To honor the occasion, a congestion pricing critic, Assemblyman Mark Weprin, is distributing a letter that commends Bloomberg for putting the issue on the table:
Here’s the full letter:
I am surprised that there has been criticism of Mayor Michael Bloomberg’s tactics, and complaints that he could have done more as he tried to enact a congestion pricing plan in New York City. Congestion pricing died because it would have placed an unfair burden on middle class New Yorkers, a much smaller burden on Manhattan residents, and no burden at all on out-of-state drivers. However, had anyone other than Mayor Bloomberg been the plan’s principal backer, it would have been dead on arrival. So while I opposed the congestion pricing plan, I applaud the Mayor for appropriately placing traffic congestion and its environmental impacts at the forefront of public discourse. Indeed, every mayoral candidate running next year will now have to present a serious plan for traffic mitigation in New York City.
The debate that culminated with the rejection of congestion pricing should be the beginning, not the end, of New York’s conversation about sustainable growth. Last year, Mayor Bloomberg unveiled an innovative and detailed set of proposals, known as PlaNYC 2030, to ensure that the growth that takes place in New York City in the coming decades is sustainable. The plan recognizes that we should be getting ready to welcome the next generation of New Yorkers and making sure that New York City is a leader in the fight against global warming. It is easy to get caught up in the issues of the moment, so I commend Mayor Bloomberg for looking to the future.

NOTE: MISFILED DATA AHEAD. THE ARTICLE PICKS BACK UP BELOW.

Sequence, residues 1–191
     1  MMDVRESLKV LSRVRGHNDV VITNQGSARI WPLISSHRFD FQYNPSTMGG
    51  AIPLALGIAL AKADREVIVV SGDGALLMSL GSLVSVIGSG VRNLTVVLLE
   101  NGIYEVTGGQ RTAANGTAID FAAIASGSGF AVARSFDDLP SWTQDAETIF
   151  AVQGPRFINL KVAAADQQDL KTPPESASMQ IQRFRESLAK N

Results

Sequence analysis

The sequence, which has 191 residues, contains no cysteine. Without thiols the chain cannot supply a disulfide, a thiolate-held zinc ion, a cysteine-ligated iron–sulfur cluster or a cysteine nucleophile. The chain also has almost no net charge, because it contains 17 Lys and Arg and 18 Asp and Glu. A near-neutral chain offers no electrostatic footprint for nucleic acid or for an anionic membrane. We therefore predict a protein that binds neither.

PlaNYC 2030 has over a hundred components other than congestion pricing. Having disagreed with the Mayor on congestion pricing should not stop any elected official from supporting measures such as planting one million trees, cleaning up brownfields, and reclaiming underutilized waterfronts. Indeed, plaNYC’s goal of reducing global warming emissions thirty percent by 2030 deserves serious attention from everyone who cares about the future of our city and our planet.
In the end, most of my colleagues in the Legislature and I resisted congestion pricing because our constituents were overwhelmingly against it, and it is our job to represent their interests. Still, New York should be looking at ways to combat traffic congestion. We might consider mandating car-pooling at certain hours, which was successful after September 11, imposing a fee on certain private car services, or even creating a surcharge for driving in Manhattan, provided it is implemented in a way that distributes the burden to everyone equally.
So, thank you Mr. Mayor for opening the eyes and ears of New Yorkers. Let’s not let one ill-fated proposal distract us from addressing the serious challenges that we face on this Earth Day.